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Supercomputers – what are they?

In this step, we will have a look at what supercomputers are, why we need them and what are they used for.
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A supercomputer is a computer with very high-level computational capacities compared to a general-purpose computer such as a personal desktop or laptop.
Clearly this is a moving target – today’s laptop would have been a supercomputer only a couple of decades ago – but no matter how fast today’s general-purpose computers are, there will always be a need for much more powerful machines.
Supercomputers were first introduced in the 1960s by Seymour Roger Cray at Control Data Corporation (CDC), and have been used intensively in science and engineering ever since. To keep track of the state-of-the-art, the supercomputing community looks to the Top500 list, which ranks the fastest 500 supercomputers in the world every six months. We will look at this list in more detail in the next activity.

Number crunching

So why do we need supercomputers? Who uses them and what are they used for? We will see that their main application is in large-scale numerical computations, also called number-crunching. Of course, for simple calculations such as:
123 + 765 = 888
or
1542.38 x 2643.56 = 4077374.07
You don’t need a supercomputer. In fact you don’t even need a personal computer, as pencil-and-paper or a simple calculator can do the job. If you want to calculate something more complex, such as the total of the salaries of every employee in a big company, you probably just need a general-purpose computer.
The types of large-scale computations that are done by supercomputers, such as weather-forecasting or simulating new materials at the atomic scale, are fundamentally based on simple numerical calculations that could each be done on a calculator. However, the sheer size of these computations and the levels of accuracy required means that almost unimaginably large numbers of individual calculations are needed to do the job. To produce an accurate weather forecast, the total number of calculations required is measured in the quintillions, where a quintillion is one with 18 zeroes after it: 1 000 000 000 000 000 000 !
So what if a computation takes several days or weeks to finish, and you want to run the same calculations many times with different input parameters. Do you want to wait while you can’t do anything else because the computation uses up all the resources of your computer? Are you prepared to wait for years before being able to collect all the results? Probably not, especially if the result you’re after is tomorrow’s weather. This is where supercomputers come into their own, finishing a job within a few hours or days when it would take many years on a general-purpose computer, or tackling problems that are just too large or complex for an everyday machine to store in its memory.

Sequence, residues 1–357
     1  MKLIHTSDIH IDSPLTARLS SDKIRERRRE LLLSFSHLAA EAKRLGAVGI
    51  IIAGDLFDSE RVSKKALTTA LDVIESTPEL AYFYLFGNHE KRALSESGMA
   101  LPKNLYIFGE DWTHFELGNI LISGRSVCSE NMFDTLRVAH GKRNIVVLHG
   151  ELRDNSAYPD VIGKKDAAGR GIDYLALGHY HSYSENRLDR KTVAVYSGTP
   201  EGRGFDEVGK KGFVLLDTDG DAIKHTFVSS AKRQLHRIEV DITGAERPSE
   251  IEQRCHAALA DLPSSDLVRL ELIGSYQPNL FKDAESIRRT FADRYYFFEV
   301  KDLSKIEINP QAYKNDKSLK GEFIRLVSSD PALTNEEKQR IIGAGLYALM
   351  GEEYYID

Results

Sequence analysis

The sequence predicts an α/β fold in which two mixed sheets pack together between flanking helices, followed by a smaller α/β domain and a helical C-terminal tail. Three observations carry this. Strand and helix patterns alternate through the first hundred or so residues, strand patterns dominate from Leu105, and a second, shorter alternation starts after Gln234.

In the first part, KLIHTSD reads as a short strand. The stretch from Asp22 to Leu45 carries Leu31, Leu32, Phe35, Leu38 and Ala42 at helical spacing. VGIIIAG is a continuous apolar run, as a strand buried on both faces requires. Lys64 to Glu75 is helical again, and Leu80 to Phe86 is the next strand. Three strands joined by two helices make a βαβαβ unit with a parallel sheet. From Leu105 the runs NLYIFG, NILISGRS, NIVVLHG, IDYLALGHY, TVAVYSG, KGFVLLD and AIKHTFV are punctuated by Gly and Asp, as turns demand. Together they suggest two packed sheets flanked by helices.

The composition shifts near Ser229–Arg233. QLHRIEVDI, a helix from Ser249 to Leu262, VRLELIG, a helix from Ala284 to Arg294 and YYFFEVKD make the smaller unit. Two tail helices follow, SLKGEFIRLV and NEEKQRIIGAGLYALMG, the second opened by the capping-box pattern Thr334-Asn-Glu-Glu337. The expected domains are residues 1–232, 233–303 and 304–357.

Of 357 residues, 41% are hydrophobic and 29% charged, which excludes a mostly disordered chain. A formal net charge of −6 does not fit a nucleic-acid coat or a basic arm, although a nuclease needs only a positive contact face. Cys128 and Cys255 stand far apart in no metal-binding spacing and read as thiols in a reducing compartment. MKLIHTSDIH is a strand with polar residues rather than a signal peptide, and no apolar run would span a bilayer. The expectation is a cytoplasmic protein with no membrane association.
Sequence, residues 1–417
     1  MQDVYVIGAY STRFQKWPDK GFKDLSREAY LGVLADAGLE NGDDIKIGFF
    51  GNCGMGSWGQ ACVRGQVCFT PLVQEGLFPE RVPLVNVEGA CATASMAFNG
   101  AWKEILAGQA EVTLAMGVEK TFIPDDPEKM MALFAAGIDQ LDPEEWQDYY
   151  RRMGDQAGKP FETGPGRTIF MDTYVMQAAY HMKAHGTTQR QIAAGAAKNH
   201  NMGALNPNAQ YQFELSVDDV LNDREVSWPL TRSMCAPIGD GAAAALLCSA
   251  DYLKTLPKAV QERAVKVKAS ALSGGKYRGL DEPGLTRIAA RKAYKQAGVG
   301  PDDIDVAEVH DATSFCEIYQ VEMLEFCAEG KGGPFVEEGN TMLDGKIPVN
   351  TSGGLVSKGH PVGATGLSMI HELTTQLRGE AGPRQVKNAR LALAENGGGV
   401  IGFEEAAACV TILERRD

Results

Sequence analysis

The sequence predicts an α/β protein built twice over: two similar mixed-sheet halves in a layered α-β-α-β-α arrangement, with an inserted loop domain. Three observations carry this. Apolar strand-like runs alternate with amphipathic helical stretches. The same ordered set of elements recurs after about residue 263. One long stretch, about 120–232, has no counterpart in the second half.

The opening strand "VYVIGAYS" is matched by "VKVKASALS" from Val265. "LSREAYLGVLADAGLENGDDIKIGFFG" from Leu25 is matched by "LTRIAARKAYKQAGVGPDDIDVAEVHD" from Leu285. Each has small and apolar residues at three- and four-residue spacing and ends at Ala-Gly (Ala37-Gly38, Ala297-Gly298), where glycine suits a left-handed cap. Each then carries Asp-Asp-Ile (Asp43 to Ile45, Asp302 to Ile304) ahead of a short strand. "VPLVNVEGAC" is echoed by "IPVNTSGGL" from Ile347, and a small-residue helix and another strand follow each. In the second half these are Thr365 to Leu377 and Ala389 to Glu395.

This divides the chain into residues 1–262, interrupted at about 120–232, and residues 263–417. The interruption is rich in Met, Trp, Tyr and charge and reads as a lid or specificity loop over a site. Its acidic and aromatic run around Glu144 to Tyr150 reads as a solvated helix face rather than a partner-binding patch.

Parallelism: the key to performance

Supercomputers achieve this using parallel computing. Performing computations in parallel means carrying out many calculations simultaneously. It is like having thousands of general-purpose computers all working for you on the same problem at the same time. This is in fact an excellent analogy for how modern supercomputers work – you will learn more about the details of how it is done later in the course.
Also keep in mind that although supercomputers provide enormous computational capacities, they are also very expensive to develop, purchase and operate. For example, the typical power consumption of a supercomputer is in the order of several megawatts (Mega = 1 000 000), where a megawatt (MW) is enough to power a small town of around 1000 people. That is why it’s important to use them as efficiently as possible.
Can you think of other examples of parallelism in everyday life, where many hands make light work? Share your ideas with your fellow learners!
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